|Publication number||US5355477 A|
|Application number||US 07/812,677|
|Publication date||Oct 11, 1994|
|Filing date||Dec 23, 1991|
|Priority date||Dec 23, 1991|
|Also published as||EP0549140A2, EP0549140A3|
|Publication number||07812677, 812677, US 5355477 A, US 5355477A, US-A-5355477, US5355477 A, US5355477A|
|Inventors||Jimmy P. Strickland, Kenneth M. Kapulka|
|Original Assignee||International Business Machines Corporation|
|Export Citation||BiBTeX, EndNote, RefMan|
|Patent Citations (11), Non-Patent Citations (2), Referenced by (81), Classifications (14), Legal Events (5)|
|External Links: USPTO, USPTO Assignment, Espacenet|
1. Field of the Invention
This invention relates to database integrity management procedures for multiple concurrent transaction processing systems, and more particularly, to a method for concurrent record updating within a single data Control Interval or block without lock contention at the block level.
2. Discussion of the Related Art
The lock manager portion of an operating system in a multiprocessing environment assigns and reassigns locks on storage resources on behalf of processes. This locking activity ensures proper transaction serialization and database integrity, but may lead to a decrease in process concurrency. Data processing throughput can fall when the lock manager frequently locks a resource having a high concurrency requirement arising from many concurrent processes operating with the same resource. This lock contention situation requires the lock manager to allocate such a resource among the concurrent processes. Moreover, many of the processes are slowed by the wait states imposed to sort out the lock contention. The lock manager must also consume processing time to lock, unlock and resolve wait and resume conditions.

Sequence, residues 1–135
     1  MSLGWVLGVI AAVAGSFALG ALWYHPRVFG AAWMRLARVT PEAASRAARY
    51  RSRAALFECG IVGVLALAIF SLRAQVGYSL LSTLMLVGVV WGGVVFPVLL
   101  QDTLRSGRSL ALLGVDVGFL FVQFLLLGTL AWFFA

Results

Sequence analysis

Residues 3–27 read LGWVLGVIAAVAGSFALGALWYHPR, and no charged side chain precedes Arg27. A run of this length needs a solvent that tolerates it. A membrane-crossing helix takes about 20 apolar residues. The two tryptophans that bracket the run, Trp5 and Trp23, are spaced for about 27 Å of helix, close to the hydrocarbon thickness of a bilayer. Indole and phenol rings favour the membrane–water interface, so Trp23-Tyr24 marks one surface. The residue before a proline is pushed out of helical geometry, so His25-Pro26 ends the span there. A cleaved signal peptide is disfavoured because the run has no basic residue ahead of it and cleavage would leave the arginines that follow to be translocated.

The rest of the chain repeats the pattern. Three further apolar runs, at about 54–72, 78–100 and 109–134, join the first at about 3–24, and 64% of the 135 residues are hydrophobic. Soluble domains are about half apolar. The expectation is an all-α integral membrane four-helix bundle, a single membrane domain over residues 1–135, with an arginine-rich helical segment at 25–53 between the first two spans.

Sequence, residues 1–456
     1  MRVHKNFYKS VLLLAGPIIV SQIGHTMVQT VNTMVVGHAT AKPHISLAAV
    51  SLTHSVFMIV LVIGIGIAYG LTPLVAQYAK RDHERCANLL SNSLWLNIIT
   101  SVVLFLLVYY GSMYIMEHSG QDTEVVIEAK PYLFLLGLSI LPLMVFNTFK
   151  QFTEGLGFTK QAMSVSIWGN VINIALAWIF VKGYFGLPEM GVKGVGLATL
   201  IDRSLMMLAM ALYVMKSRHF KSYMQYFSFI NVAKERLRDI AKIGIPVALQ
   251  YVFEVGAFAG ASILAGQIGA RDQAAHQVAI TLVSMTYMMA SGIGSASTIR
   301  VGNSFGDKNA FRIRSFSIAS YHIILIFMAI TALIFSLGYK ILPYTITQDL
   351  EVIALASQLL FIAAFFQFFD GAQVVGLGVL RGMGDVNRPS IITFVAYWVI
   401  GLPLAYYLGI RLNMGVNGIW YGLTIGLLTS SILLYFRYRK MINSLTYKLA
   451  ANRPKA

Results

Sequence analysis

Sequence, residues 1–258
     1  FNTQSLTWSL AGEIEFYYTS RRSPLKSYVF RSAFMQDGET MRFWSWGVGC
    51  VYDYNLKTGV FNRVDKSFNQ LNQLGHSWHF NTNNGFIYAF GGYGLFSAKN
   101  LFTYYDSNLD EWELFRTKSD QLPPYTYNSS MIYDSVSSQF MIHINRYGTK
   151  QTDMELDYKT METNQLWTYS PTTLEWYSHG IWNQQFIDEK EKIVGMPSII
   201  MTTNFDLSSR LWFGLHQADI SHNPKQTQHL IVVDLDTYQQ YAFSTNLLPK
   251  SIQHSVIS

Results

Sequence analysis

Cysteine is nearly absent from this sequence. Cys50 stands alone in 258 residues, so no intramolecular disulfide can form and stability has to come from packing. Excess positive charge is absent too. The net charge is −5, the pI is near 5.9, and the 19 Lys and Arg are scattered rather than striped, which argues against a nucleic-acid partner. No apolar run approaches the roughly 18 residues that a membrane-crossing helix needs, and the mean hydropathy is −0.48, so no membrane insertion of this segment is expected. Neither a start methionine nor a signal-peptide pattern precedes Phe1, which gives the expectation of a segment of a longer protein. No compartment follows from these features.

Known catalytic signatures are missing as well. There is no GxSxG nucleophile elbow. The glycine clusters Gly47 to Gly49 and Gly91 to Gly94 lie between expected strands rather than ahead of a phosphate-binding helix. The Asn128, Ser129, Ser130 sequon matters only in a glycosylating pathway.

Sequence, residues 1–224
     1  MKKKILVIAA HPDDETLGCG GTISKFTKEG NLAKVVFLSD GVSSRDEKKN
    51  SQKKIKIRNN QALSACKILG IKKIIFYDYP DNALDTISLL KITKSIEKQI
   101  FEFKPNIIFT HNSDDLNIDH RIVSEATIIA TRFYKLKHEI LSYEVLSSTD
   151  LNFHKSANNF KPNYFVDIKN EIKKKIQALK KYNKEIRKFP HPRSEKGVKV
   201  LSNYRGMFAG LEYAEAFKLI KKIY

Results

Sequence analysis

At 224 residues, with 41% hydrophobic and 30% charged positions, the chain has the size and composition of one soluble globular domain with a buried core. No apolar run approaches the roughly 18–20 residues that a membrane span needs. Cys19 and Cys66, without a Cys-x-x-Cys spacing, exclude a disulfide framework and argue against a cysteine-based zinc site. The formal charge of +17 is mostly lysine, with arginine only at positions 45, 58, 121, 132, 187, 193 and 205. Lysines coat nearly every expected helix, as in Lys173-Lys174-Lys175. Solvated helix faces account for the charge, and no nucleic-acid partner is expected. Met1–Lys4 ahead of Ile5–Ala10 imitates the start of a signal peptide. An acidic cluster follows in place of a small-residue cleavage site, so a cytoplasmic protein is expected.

Because a relational database management system operates with concurrent processes in a multiprocessor database environment, it uses facilities such as lock managers. The present state of the art can be appreciated by reference to C. J. Date, "A Guide to DB2", Addison-Wesley Publishing Co., pp. 191-195 (1984); and C. J. Date, "An Introduction to Database Systems", Addison-Wesley Publishing Co., pp. 422-427 (1986). Refer also to H. F. Korth, et al, "Database System Concepts" McGraw Hill, Inc., pp. 356-402 (1986), for a general discussion of concurrency control in database systems.